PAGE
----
San Felipe is the center of a living museum that has witnessed the passage of a continuum of men, women and children for the past 2- to 3,000 years. Whereas evidence of their existence remains in most of the canyons draining the nearby Sierra San Pedro Martir, it stands in abundance in shell mounds lining the 50 miles of shoreline from Punta Estrella to Puertecitos.
Fortunate for those who seek such things, they appear to most as useless scatterings of sunbleached seashells. On the contrary, those seemingly useless shells are the visible remains of a 15-centuries-long story of life in the good old days… before you and I came along with our shoes and ships and sealing wax.
There is, between 2 and 300 meters from the shore at Playa Punta Estrella, one of the largest shell mounds in Baja Norte. More than 1,000 feet long, it is composed mainly of clamshells. You’ll find it on the north side of the sandy access road to the beach where the first line of shrubbery appears. And, a mile farther south, there is another, at Poblado Gutierrez Polanco.
Knowing the Indians were clannish, you can look west from the Punta Estrella shell mound to see Arroyo Chanate 10 miles distant, and Arroyo Huatamote west of “Polanco,” each of them representing avenues of access. Considering these avenues as funnels; lines drawn from the mouth of each will encompass a group of canyons in which the several clans lived.
A line drawn through the north-south center of these two shell mounds, connected to other mounds farther south, will show where the shoreline was 1,000 and more years earlier. What’s more, although shell mound excavation can be labor-intensive, it is a task that can yield stunningly rewarding results. I, for example, have removed so much obsidian from one that I began to envision adolescents making spear and arrow points while their parents dug and shelled a bountiful harvest. In fact, like a family at a backyard barbecue, I see them milling about the beach, each with his and her own task to perform.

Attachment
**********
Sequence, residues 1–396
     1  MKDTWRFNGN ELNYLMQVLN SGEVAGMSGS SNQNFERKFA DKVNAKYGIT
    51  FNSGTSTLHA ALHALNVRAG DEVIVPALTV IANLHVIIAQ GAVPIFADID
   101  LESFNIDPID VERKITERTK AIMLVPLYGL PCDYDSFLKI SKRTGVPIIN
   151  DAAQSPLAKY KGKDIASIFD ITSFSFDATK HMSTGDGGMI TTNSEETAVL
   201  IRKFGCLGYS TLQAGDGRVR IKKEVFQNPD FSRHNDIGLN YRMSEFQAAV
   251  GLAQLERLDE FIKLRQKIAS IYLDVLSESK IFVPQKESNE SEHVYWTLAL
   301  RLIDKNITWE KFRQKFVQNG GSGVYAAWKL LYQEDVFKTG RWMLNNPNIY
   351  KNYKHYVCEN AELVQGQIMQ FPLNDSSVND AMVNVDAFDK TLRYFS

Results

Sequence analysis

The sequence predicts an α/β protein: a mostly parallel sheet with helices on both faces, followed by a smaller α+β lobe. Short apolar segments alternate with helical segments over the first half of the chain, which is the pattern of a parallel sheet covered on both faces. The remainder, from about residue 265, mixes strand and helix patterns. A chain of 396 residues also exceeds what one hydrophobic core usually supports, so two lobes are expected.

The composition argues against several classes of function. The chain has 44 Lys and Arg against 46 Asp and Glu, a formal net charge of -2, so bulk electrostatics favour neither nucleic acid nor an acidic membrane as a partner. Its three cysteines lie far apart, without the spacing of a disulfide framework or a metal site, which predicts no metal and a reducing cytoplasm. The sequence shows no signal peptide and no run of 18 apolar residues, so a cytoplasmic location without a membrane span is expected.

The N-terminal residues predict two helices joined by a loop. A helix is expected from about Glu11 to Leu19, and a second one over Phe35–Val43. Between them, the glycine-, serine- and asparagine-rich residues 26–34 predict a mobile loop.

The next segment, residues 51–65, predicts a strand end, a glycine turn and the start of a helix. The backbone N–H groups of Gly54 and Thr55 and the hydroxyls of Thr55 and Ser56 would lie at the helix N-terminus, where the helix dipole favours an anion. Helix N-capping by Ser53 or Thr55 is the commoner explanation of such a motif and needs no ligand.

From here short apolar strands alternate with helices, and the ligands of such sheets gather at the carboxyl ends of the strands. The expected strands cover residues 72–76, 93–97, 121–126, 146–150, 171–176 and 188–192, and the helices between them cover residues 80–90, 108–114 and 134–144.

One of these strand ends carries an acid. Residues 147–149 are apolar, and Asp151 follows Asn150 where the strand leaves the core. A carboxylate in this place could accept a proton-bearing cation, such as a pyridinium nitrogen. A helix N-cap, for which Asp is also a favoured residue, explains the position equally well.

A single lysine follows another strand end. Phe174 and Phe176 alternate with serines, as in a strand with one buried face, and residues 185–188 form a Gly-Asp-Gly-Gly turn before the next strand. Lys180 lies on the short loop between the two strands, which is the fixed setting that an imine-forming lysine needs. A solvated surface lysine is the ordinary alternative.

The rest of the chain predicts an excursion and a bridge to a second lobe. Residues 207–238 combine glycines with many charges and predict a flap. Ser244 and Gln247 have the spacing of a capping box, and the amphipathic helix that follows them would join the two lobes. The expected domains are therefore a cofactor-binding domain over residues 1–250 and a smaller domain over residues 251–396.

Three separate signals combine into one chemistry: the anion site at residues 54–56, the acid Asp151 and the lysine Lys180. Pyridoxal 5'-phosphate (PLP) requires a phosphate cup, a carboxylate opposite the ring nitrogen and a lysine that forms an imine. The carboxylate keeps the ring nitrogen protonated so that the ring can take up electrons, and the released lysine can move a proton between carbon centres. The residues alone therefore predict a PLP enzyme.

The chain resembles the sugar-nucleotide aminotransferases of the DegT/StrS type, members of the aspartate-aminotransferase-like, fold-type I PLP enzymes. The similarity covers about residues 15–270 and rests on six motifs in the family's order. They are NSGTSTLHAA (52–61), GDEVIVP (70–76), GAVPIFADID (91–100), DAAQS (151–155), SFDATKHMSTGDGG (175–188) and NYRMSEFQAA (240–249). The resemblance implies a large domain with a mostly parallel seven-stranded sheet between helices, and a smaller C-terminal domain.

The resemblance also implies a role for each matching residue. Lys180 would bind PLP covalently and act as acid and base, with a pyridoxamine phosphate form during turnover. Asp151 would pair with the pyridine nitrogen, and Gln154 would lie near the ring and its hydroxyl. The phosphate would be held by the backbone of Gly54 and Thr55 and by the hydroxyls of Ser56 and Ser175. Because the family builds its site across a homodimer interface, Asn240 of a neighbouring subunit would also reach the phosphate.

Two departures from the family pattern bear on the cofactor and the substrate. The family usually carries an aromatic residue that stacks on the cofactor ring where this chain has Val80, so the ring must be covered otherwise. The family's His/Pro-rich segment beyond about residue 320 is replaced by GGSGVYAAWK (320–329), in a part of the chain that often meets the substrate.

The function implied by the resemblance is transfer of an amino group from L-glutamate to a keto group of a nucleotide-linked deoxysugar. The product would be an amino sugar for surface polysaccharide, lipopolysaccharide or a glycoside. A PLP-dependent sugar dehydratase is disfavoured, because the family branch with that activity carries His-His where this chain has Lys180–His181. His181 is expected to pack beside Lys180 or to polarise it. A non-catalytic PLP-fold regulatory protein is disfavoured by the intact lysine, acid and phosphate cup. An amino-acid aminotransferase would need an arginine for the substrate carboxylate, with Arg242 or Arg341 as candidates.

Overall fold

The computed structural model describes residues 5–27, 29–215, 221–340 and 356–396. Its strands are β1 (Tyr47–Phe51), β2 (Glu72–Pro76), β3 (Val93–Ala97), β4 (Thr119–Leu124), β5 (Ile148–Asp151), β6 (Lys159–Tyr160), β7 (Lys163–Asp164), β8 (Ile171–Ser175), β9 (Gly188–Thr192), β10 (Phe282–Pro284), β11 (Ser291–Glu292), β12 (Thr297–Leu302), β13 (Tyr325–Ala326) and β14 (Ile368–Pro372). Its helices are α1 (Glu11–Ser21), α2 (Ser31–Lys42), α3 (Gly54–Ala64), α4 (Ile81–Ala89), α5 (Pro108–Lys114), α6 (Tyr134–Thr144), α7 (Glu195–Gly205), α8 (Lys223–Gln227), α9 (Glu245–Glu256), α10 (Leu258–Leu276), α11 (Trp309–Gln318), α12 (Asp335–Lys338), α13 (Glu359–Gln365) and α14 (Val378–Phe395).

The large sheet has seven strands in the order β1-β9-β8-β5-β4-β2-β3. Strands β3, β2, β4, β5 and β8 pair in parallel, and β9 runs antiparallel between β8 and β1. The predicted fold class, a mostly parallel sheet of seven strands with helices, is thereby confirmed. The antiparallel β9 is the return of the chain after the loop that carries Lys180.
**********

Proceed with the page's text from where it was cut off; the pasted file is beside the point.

As I stood at Punta Estrella conducting research for a story, I chanced to look up where, under a typical azure sky, I saw a sight similar to one the Indians must have seen time and time again. There above the trees were a dozen hawks searching for a midmorning feast. They’ve always been here, you know, the redtail, the golden, the Mexican black.
Ever see a hungry redtail swoop down on a pigeon? There is no difference between that hawk carrying off a pigeon and you or I or an Indian harvesting shellfish. Death is a part of life and the perpetuation of the species. Thinking of death, you may not like the ubiquitous turkey vulture but they are the cleaning crew, the ones who remove the carrion. Ever watchful, they glide in daylight effortlessly on wings that carry them over the shore as often as they survey the desert. Look for them at sundown and you’ll find four, five and six of these bulky black redheads roosting comfortably on a single cardón.
Speaking of cardón cactus, find the “Valley of the Giants” (9 miles south-southeast of San Felipe), and you’ll find a totally different scene. The king of all cactus, many of the plants seen here are between 200 and 300 years of age. By the time you’ve seen enough of them, you’ll know they are nesting places for the larger birds — the hawks and herons, the vultures, eagles and osprey.
See them in early spring when they display white-shaded trumpets for bats and bees and hummingbirds to feast on a nectar placed where pollen has a chance at reproduction. Return in late spring to see one of the mysteries of life: For all the white-shaded trumpets there were you’ll see but one four-petalled seedpod per plant.
Some plants cast their seeds on the ground while others create seeds so light they float on the wind. Cardon’s little black seeds are for carrying in the belly of a bird to some new place where it can fall to earth to find protection in the shade of a totally different plant. If you’re looking for young cardons, the little ones from one to ten years of age, you’ll have to search under or within those other plants. But there’s another side to these gentle giants — their bone-dry skeletons you may never have considered. Find one and there’s a 50-50 chance you’ll be looking at a plant that germinated before the first Spaniard set foot on the San Felipe.
When you think about San Felipe, you probably think about a distant desert community nestled under the lee of an old volcano; but if you think about the San Felipe, you’ll be thinking about a place as different as night is from day. Remember the shoes and ships and sealing wax? They were, in reality, here before us.
Indians made their shoes from maguey. There are two Spanish galleons buried in the sands of the San Felipe and desert beehives contain an acceptable form of sealing wax. The fact is, they’re all here, these magnificent things we speak of, plus many we haven’t had time for, waiting always, waiting for those who enjoy… a living desert museum.